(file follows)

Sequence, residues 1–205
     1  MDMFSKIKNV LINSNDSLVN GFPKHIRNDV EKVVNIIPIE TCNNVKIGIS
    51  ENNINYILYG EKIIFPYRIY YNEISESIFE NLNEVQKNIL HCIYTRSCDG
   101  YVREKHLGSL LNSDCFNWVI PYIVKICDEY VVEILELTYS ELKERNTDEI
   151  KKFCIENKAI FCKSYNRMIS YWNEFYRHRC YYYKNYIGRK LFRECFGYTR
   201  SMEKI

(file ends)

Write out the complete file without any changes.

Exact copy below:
Sequence, residues 1–205
     1  MDMFSKIKNV LINSNDSLVN GFPKHIRNDV EKVVNIIPIE TCNNVKIGIS
    51  ENNINYILYG EKIIFPYRIY YNEISESIFE NLNEVQKNIL HCIYTRSCDG
   101  YVREKHLGSL LNSDCFNWVI PYIVKICDEY VVEILELTYS ELKERNTDEI
   151  KKFCIENKAI FCKSYNRMIS YWNEFYRHRC YYYKNYIGRK LFRECFGYTR
   201  SMEKI